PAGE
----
Labour Day 2020: History, Importance and Significance of May Day
New Delhi | Jagran Lifestyle Desk: On May 1st every year, Labour Day or May Day (International Workers’ Day) is celebrated in India with a public holiday in all states and Union Territories to honour the contribution of working men and women across the country.
Whether you call it Labour Day, May Day or International Workers' Day, May 1 is the date when India salute its terrifically big working force who are instrumental in determining the overall dynamism of India’s economy.
At diverse corners of the country, the holiday is also celebrated as ‘Antarrashtriya Shramik Diwas’, ‘Uzhaipalar Dinam’ (Tamil) or ‘Kamgar Din’. The theme of Labour Day 2019 was 'Uniting Workers for Social and Economic Advancement.'
The history of the Labour Day dates back to close to a one-and-a-half century before on 1st May 1886. On this day, labour Unions in the United States of America decided to go on a strike with the demand that workers should not be allowed to work more than eight hours a day. It helped establish the 8-hour working-hours norm in the USA and rest of the world, including India.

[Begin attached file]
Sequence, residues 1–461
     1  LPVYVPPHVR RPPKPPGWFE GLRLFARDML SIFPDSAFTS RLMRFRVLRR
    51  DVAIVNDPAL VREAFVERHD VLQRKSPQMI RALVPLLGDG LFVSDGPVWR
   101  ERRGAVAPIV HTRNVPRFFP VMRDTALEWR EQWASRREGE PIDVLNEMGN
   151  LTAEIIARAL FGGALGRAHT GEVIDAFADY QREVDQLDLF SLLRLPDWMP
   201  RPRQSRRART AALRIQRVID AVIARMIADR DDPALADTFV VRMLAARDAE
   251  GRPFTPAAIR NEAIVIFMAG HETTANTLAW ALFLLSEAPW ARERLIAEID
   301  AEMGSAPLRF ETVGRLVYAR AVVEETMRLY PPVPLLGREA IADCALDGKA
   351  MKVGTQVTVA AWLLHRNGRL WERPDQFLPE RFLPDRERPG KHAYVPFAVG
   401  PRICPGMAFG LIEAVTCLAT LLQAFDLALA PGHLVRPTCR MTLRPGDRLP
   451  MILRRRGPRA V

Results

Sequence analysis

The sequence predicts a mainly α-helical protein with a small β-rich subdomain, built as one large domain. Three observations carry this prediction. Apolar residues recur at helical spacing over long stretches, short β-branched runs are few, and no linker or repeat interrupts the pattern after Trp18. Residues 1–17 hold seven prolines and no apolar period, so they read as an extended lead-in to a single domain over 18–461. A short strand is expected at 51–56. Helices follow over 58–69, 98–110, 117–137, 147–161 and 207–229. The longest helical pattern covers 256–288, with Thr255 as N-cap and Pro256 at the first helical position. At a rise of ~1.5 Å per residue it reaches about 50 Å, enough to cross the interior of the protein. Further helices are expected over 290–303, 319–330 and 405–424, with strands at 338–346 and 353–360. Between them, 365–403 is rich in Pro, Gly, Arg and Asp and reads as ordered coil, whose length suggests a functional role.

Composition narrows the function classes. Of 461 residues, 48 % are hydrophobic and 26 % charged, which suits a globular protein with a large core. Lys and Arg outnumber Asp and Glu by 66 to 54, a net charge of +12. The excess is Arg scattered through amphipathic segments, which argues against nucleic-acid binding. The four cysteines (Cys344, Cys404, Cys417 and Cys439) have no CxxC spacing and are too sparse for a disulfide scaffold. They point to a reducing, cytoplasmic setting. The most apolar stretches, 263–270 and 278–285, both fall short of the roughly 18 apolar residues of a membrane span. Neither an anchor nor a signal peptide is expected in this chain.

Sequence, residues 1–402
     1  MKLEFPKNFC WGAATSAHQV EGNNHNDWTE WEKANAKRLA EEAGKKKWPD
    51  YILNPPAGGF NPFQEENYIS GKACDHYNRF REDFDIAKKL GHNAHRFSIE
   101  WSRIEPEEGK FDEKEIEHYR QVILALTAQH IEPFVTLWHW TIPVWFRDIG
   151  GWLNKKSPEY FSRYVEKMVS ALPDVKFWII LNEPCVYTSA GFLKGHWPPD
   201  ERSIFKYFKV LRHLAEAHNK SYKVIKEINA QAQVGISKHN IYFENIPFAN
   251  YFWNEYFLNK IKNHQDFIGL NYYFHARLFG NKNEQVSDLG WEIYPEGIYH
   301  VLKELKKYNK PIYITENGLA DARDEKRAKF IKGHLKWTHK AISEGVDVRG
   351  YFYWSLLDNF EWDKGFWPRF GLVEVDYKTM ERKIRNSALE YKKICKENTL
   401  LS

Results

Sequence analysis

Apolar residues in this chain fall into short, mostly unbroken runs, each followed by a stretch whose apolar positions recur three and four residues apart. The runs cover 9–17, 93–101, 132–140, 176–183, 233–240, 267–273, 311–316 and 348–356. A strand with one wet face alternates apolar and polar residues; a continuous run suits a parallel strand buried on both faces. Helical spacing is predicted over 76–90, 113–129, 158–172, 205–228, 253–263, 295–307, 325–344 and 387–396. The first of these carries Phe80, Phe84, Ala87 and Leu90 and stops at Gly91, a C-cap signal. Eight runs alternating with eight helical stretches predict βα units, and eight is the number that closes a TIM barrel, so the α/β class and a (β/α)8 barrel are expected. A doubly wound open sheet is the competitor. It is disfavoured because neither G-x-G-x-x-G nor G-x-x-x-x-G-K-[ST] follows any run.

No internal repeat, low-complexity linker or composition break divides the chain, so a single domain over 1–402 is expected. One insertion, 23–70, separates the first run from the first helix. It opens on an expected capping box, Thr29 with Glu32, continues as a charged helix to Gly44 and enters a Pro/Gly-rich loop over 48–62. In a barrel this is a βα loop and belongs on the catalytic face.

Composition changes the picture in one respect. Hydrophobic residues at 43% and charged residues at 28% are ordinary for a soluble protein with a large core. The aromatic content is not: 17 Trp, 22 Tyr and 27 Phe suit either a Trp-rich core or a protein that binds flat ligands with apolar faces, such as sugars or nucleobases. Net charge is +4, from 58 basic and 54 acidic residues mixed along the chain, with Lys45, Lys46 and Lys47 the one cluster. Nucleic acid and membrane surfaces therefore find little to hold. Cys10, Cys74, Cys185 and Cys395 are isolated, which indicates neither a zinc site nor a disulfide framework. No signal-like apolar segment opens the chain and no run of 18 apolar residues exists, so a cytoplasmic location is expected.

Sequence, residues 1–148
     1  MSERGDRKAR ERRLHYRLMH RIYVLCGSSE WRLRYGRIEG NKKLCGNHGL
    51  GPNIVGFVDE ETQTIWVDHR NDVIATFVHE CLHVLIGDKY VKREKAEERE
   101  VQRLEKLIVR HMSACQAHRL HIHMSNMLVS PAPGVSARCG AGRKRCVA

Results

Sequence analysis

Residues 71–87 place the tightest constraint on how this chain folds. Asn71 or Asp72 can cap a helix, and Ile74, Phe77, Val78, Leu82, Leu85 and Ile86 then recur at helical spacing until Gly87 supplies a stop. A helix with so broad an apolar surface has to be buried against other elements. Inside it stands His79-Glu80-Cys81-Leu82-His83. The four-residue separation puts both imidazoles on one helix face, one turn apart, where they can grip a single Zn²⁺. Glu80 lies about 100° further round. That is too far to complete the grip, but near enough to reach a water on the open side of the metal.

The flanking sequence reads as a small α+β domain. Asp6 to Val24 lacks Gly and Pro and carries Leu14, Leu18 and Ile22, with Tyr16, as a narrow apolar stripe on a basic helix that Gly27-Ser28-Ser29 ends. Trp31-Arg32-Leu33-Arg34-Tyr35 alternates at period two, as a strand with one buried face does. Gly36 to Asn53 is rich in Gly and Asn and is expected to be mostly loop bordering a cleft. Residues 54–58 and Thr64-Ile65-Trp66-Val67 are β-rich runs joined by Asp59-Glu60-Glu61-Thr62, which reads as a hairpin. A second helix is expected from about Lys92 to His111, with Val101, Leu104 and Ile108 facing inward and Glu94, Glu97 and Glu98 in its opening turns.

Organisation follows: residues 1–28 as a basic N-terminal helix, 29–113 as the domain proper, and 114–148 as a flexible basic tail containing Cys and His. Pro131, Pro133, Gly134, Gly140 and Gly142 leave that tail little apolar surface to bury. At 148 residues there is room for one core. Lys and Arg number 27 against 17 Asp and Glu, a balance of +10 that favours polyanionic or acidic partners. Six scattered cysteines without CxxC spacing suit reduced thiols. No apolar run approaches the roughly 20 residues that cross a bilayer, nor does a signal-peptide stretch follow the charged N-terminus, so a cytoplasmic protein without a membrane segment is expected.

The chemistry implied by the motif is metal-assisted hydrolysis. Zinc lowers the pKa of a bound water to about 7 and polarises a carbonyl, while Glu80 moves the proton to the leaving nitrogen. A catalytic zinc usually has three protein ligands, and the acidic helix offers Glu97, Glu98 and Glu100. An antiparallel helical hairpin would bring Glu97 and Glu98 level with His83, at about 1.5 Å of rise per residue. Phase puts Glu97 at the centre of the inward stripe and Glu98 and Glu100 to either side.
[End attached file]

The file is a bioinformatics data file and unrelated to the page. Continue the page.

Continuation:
In India, the first formal celebration of Labour Day was initiated by the ‘Labour Kisan Party of Hindustan’ in Chennai (then known as Madras) on 1 May 1923. It is observed as a holiday all over India as a mark of respect to India’s workforce. The country has an estimated 522 million workers, according to the data available on the World Factbook website.
In Maharashtra and Gujarat, it is officially called Maharashtra Day and Gujarat Day respectively, since it was on this day in 1960 that they attained statehood on linguistic-lines through the bifurcation of the then-Bombay state.
The Labour day is a near-perfect amalgamation of the prestige associated with the contributions of the workforce in the overall development of a society defined by the collective respect for Works and Workforces of all kinds. It marks how effectively the workforce ends up struggling to assimilate positive reforms in the overall work culture across the labour-demanding sectors.
Posted By: Aalok Sensharma